Tinnitus/Ringing-in-the-Ears in Children
Many older people hear the persistent noises of tinnitus (ringing in the ears), but this condition isn’t constrained by age. Many children also experience the symptoms of tinnitus. Unlike adults, who can usually figure out that the noises they keep hearing are outside of the norm, children are more likely to assume that everyone hears these sounds. If your child shows signs of tinnitus it is important to look into it to rule out any underlying condition.
There are many different conditions that can cause a person of any age to experience tinnitus. Among the many potential causes are circulatory problems, hearing loss from damaging noise, a build-up of wax in the ear canal, a misalignment in the jaw joints, and trauma to the neck and head. Slow-growing tumors on nerves in the face and ears can also cause tinnitus. Your family pediatrician can help rule out any specific ear problems. If your appointment does not uncover any obvious issues, your doctor will likely advise you to investigate further with an audiologist or ear, nose, and throat (ENT) specialist.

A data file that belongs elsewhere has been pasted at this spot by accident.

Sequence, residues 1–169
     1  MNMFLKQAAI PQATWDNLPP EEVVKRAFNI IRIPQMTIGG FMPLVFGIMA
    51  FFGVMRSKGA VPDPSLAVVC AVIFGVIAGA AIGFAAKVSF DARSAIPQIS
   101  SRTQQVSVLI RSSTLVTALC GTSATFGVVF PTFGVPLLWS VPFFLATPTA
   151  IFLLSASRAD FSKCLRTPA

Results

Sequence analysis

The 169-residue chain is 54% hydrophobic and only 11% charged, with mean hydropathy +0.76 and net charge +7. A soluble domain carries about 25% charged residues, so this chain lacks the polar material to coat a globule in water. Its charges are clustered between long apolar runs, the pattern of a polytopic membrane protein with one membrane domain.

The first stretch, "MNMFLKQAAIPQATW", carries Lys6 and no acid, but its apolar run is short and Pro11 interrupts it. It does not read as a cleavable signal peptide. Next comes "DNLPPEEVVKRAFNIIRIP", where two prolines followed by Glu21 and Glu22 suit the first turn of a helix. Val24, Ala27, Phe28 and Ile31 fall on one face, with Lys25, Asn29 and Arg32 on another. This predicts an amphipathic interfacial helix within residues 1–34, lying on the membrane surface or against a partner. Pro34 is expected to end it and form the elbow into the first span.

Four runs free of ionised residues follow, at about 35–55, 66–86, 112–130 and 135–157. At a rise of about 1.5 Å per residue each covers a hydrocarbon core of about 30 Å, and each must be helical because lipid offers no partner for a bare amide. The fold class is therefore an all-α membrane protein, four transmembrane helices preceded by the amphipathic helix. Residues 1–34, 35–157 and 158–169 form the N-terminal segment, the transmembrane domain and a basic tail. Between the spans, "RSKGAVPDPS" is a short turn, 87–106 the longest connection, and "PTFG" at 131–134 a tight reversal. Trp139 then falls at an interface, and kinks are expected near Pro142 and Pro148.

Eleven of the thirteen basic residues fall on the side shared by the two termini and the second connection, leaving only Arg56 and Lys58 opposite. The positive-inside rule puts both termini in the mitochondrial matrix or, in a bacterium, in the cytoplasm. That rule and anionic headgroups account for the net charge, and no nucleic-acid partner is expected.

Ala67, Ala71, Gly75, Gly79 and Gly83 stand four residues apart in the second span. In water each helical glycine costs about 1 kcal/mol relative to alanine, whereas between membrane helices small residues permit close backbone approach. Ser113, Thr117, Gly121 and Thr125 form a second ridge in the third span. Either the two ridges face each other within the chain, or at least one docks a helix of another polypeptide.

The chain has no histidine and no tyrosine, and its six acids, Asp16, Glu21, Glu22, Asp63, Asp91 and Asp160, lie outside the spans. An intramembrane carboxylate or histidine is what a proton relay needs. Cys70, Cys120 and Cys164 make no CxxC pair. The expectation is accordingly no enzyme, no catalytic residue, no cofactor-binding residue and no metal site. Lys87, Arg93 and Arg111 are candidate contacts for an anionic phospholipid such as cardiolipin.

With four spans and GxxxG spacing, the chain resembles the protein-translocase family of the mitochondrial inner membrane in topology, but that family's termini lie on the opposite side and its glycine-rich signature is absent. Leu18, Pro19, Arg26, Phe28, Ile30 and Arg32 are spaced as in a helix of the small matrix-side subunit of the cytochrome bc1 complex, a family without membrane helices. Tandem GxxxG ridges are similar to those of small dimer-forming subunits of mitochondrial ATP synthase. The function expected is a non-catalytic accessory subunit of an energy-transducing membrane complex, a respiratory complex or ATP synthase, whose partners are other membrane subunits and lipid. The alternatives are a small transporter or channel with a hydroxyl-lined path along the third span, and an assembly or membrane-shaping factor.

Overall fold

Should your child’s specialist find a specific issue that is causing the tinnitus, there is a good chance that the problem can be addressed and the condition eliminated. However, many children and adults experience tinnitus without a clear cause. If there is no clear cause, addressing the problem can be difficult, making it more constructive for you to focus on helping your child cope.
Tinnitus can be distracting, making it difficult for your child to pay attention at home or at school. Background noise is an effective way to fight back against this problem. Consider playing soft music or running a fan when your child needs to concentrate. Hearing aids can be helpful for kids with hearing loss by helping them filter out distractions and focus on important sounds.
Tinnitus can cause some children to experience psychological distress. In this case it is important to be supportive and reassuring about the condition. Explain to your child that tinnitus is a common condition that many other kids and adults experience. Work with your doctors and experts to explain the problem to your child in a way he or she can understand. Some children find that their tinnitus gets worse when they are under stress, so work with your child to find ways to manage stressful situations.
Finally, reassure your child (and yourself) that most children outgrow tinnitus naturally. While tinnitus can be difficult to deal with, in time your child will likely overcome it.